Fitbits in Schools

This project explored whether wearable fitness devices (i.e. Fitbits) influence adolescents motivations for physical activity, and whether and how they should be used in schools and physical education to promote lifelong physical activity engagement.

Evidence was generated with approximately 100 adolescents (age 13-14 years) in the UK. Adolescents' were used with a Fitbit to wear for 8 weeks and completed pre/post questionnaires, as well as interviews.

The findings suggest that motivation for physical activity increased, but after 4 weeks most young people stopped using the Fitbit device. Many of the young people disregarded the Fitbit because it promoted negative feelings and/or because they perceived that it didn’t measure their physical activity accurately. Overall, the young people opposed the use of Fitbits in schools, and reported that their physical activity levels shouldn’t be monitored.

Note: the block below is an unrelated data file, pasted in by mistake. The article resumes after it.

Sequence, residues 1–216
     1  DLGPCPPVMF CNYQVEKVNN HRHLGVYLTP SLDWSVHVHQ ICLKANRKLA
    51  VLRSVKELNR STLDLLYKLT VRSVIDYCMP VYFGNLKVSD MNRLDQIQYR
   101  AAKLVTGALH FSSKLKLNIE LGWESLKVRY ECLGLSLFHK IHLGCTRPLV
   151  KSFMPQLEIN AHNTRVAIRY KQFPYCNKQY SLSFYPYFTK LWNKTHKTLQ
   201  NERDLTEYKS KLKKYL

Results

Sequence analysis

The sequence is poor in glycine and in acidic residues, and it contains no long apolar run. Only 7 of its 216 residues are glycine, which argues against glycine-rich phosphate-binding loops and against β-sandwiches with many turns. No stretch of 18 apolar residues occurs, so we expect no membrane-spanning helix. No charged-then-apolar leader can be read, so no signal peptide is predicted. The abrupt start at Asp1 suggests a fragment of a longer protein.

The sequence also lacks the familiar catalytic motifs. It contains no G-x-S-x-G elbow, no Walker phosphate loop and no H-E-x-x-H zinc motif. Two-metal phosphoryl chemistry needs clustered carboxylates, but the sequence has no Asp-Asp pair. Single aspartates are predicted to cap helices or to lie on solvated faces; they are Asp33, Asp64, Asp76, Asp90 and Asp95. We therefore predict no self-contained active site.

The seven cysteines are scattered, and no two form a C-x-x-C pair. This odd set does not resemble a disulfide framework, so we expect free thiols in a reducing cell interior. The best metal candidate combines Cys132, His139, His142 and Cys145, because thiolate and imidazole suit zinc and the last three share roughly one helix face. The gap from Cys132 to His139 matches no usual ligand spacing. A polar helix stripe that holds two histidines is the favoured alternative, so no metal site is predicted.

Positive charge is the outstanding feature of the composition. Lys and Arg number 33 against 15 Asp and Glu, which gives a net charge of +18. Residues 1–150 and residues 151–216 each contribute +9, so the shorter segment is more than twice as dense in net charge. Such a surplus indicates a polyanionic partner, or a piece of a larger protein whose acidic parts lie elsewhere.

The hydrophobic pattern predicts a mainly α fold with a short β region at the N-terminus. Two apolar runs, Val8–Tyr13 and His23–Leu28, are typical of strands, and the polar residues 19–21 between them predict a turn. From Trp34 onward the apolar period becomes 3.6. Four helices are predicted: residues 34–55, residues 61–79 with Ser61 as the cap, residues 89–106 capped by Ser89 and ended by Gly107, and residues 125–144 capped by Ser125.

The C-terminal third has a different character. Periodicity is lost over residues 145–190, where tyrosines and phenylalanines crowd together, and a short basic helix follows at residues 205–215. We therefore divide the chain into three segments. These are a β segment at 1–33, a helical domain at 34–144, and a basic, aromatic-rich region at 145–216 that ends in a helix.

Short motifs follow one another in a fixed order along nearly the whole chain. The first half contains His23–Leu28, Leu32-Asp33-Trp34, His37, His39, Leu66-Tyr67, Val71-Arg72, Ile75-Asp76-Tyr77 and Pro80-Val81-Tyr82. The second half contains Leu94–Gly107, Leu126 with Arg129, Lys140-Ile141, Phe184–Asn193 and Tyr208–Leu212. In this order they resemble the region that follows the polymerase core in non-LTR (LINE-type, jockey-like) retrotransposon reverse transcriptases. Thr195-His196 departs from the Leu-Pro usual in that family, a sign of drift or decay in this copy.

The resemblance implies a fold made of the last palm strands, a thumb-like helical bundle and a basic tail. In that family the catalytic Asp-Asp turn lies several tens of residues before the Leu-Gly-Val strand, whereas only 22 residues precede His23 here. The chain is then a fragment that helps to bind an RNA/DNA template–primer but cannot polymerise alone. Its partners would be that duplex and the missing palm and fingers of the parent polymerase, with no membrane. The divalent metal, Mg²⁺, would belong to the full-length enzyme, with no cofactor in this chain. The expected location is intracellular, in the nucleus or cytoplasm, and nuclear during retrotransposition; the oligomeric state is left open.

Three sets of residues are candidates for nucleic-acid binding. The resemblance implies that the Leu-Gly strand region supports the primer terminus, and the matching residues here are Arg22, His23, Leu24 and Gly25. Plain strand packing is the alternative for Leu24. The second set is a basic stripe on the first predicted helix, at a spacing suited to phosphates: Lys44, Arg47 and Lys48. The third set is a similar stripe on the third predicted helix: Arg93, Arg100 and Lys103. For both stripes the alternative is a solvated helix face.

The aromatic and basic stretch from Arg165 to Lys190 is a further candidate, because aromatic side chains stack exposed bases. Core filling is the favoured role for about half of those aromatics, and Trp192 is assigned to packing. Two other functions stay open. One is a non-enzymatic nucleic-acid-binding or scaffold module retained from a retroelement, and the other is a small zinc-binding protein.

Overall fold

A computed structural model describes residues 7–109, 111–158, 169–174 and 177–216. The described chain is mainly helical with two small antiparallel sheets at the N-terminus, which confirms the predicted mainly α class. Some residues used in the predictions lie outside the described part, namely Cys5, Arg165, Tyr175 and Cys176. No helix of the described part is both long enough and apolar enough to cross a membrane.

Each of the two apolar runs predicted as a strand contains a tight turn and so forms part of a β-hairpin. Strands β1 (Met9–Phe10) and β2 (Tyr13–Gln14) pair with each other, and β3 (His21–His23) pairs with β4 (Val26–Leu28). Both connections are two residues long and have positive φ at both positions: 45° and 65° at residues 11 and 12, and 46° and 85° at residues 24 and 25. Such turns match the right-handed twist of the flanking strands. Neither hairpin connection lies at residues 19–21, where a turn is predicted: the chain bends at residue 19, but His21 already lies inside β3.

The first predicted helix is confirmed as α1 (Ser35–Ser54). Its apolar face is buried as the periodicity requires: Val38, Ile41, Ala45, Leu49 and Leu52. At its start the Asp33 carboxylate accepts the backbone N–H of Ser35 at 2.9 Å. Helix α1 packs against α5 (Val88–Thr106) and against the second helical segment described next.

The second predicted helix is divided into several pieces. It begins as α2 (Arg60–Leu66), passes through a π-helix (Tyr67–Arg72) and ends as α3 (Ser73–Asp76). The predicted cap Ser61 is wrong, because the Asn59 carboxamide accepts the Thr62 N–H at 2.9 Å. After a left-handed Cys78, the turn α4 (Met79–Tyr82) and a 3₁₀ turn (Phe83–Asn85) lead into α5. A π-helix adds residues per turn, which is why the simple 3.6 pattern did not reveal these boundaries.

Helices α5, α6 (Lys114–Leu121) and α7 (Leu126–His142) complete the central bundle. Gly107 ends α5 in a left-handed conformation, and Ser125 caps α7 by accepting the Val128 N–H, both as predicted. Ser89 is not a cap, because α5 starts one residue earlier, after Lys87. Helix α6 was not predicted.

This work was supported by the Richard Benjamin Trust

Should Fitbits be used in Schools? 


Young people oppose Fibits in schools



Young people’s uses of wearable healthy lifestyle technologies; surveillance, self-surveillance and resistance

The motivational impact of wearable healthy lifestyle technologies: a self-determination perspective on Fitbits with adolescents

Fitbits in Schools

The Team

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Informing evidence-based professional education in health, physical activity and coaching.